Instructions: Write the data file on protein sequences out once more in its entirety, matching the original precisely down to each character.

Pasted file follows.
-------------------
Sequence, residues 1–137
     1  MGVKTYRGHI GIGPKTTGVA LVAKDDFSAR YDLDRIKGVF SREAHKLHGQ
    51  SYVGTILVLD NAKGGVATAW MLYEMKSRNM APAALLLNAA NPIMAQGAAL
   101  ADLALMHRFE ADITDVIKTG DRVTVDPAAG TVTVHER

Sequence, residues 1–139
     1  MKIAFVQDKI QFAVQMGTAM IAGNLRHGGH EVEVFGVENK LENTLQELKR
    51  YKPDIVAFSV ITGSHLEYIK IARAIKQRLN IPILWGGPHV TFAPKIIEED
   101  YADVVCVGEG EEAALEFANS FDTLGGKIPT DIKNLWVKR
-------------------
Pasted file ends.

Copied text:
Sequence, residues 1–137
     1  MGVKTYRGHI GIGPKTTGVA LVAKDDFSAR YDLDRIKGVF SREAHKLHGQ
    51  SYVGTILVLD NAKGGVATAW MLYEMKSRNM APAALLLNAA NPIMAQGAAL
   101  ADLALMHRFE ADITDVIKTG DRVTVDPAAG TVTVHER

Sequence, residues 1–139
     1  MKIAFVQDKI QFAVQMGTAM IAGNLRHGGH EVEVFGVENK LENTLQELKR
    51  YKPDIVAFSV ITGSHLEYIK IARAIKQRLN IPILWGGPHV TFAPKIIEED
   101  YADVVCVGEG EEAALEFANS FDTLGGKIPT DIKNLWVKR